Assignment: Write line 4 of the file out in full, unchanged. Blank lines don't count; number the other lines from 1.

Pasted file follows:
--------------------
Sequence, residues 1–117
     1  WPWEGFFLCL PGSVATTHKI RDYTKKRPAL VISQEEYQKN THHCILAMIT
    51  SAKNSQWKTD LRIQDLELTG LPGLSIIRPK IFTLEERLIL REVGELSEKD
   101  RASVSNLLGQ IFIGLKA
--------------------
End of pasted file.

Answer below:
   101  RASVSNLLGQ IFIGLKA